For inefficient search, target detection is faster for repeated than for regenerated layouts. This effect, called contextual cuing, was assumed to arise from implicit learning of local spatial relationships between targets and distractors. However, a more global influence from distractors far from the target has not been tested. In this study, the search field was divided into upper and lower halves containing a repeated and a regenerated configuration set, respectively. The positions of the two sets were or were not exchanged, meaning that their relative as well as their absolute positions were the same or different (Experiment 1). In Experiment 2, the repeated set appeared alone in either the same or the other half of the screen (same or different absolute position). The contextual cuing effect remained when only absolute position was changed, but not when both absolute and relative positions were changed. These results suggest that contextual cuing depends on relative positional information.
Visual context, such as the spatial configuration of objects, is a critical factor for the guidance of attention to a target location (Biederman, 1972; Biederman, Mezzanotte, & Rabinowitz, 1982). For example, Biederman et al. (1982) showed that a target placed in an irregular location was harder to detect than a target placed in its typical location. Recently, Chun and his colleagues have developed a paradigm using a visual search task to examine how the visual context of the search display affects search performance. In a series of studies, they demonstrated that the association between a target location and the distractor configuration is encoded when the same display is presented repeatedly, and that the configuration can be used as a cue for the target location in latter blocks, even if observers are unaware that the configurations are repeated (Chun, 2000; Chun & Jiang, 1998,2003; Chun & Nakayama, 2000; Olson & Chun, 2002). This facilitatory effect is termed contextual cuing.
In the paradigm used by Chun and Jiang ( 1998), participants were asked to search for a target (e.g., T) among distractors (e.g., Ls). There were two conditions: the old and new conditions. In the old condition, the search array presented in the first block was repeatedly presented throughout the latter blocks (i.e., the locations of the target and distractors were fixed). In the new condition, only the target location in a given search array was fixed across the blocks, and the distractor locations were randomly changed in every block. The results showed that reaction times (RTs) became gradually faster in the old condition than they were in the new condition. Participants did not notice the repetition of the search arrays in the old condition, indicating that the visual context (i.e., the association between the target location and the distractor configuration) was implicitly learned and was used to search for a target.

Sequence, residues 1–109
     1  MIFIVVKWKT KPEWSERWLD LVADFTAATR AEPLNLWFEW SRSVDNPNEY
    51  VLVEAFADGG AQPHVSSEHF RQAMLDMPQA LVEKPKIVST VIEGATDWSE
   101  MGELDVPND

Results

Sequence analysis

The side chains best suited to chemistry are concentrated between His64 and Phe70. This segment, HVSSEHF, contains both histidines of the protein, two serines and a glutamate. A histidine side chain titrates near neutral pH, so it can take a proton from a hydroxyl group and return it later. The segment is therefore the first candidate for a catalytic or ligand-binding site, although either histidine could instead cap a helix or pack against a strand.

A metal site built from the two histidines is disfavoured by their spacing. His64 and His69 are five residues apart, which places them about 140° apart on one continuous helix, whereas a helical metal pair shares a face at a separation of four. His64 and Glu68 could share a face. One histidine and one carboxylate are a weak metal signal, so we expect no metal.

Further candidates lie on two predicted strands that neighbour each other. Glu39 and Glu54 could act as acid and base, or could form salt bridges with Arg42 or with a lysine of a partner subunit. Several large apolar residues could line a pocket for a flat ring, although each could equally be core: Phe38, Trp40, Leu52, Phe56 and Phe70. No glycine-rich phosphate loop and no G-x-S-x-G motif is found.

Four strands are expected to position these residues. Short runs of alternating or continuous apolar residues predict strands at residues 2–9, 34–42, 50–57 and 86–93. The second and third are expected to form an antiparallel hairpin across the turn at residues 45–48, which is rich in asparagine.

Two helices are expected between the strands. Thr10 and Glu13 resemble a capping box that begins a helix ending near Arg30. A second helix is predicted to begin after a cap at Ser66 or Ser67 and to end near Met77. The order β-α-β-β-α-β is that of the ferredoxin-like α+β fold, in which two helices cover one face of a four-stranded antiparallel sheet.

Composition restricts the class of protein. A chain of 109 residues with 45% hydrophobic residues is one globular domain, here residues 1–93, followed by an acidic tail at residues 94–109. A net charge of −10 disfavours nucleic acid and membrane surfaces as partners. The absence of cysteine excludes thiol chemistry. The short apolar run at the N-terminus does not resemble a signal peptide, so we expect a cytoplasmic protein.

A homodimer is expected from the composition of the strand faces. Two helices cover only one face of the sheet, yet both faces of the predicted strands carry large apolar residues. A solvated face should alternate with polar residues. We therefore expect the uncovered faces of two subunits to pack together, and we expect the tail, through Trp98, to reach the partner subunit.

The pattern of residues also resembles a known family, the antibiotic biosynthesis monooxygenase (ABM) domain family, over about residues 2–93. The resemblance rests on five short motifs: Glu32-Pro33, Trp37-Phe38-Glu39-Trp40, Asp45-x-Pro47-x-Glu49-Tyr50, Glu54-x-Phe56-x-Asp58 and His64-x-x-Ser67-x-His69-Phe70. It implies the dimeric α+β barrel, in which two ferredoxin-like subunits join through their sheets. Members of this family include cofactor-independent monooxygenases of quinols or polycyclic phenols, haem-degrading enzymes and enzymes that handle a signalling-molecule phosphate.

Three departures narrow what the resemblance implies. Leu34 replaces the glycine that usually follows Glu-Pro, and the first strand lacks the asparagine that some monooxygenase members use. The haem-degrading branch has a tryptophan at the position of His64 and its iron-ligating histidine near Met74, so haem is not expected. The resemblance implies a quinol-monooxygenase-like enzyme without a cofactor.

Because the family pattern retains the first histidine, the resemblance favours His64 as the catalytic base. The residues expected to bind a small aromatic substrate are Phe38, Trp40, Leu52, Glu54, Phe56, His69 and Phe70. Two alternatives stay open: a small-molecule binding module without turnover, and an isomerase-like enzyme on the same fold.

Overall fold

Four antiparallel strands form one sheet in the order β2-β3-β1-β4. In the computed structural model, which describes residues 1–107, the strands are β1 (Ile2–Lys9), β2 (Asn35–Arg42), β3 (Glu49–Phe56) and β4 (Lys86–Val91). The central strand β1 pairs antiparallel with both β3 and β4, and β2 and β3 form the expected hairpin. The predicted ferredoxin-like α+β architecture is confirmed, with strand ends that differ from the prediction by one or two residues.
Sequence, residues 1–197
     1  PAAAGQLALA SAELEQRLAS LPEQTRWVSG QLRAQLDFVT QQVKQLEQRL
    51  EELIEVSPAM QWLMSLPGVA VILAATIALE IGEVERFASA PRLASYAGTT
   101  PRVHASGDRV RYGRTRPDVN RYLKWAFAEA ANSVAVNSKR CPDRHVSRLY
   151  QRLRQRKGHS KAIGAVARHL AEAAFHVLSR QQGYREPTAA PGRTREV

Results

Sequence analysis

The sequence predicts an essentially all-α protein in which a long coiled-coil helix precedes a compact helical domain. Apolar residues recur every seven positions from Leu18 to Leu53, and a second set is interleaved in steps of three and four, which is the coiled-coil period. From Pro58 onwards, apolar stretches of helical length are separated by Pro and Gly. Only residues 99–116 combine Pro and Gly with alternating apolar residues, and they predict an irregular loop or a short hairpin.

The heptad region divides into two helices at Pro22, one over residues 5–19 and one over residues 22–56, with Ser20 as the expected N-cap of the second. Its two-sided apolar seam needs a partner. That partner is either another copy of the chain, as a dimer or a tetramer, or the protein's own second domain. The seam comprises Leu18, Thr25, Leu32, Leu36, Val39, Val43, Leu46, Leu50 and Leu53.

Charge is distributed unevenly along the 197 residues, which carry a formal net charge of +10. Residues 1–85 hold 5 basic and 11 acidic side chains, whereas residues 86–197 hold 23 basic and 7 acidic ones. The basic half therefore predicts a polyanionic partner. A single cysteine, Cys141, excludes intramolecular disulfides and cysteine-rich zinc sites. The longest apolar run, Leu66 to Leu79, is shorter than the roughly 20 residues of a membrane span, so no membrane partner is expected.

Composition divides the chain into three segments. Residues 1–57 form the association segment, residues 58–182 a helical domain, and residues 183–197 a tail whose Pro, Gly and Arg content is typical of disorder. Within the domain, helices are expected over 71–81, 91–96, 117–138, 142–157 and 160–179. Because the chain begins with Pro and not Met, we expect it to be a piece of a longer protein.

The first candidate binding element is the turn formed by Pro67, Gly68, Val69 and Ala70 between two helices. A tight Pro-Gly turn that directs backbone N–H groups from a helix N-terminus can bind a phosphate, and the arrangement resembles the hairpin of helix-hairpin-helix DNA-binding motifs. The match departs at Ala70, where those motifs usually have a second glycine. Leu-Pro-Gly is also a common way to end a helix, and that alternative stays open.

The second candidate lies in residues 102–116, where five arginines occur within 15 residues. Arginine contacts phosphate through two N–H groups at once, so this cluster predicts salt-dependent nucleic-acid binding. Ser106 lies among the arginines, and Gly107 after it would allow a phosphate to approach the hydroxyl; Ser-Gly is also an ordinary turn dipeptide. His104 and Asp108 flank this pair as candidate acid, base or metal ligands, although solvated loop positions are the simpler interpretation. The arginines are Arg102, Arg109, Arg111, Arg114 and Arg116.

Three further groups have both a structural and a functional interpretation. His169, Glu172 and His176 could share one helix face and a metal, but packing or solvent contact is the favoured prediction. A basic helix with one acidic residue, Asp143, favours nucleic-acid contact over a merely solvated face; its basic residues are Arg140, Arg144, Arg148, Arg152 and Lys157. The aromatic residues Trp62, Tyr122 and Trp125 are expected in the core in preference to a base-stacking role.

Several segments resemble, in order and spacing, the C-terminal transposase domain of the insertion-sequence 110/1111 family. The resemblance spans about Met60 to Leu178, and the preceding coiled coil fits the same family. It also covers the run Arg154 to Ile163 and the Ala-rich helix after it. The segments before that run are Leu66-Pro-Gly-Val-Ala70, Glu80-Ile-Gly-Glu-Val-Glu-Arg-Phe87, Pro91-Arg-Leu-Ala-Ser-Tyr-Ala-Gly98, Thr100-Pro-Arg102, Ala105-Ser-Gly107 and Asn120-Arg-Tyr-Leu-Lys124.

How is visual context represented? Recently, some studies have investigated the nature of the representation of spatial configuration. Jiang and Wagner (2004, Experiment 2) demonstrated that contextual cuing could be observed even when the search display was rescaled from 18° × 12° of visual angle in the training phase to 22.5° × 15° (or to 14.4° × 9.6°) of visual angle in the test phase, suggesting that the visual context is encoded on the basis of the relative positions of the search items rather than of the absolute position of each item in the CRT display. This account is also supported by the results of a study using 3-D search arrays. Chua and Chun (2003) investigated whether contextual cuing was affected by increasing the angle of rotation in depth (0°, 15°, 30°, and 45°) away from the training views. They reported that contextual cuing for the 3-D configuration was observed in the training phase, but that the learning effect decreased and disappeared with increases in the rotation angle. This finding indicates that the representation of spatial configuration is viewpoint dependent, so that contextual cuing is weakened by warping the relative positions of the search items in the 2-D image. …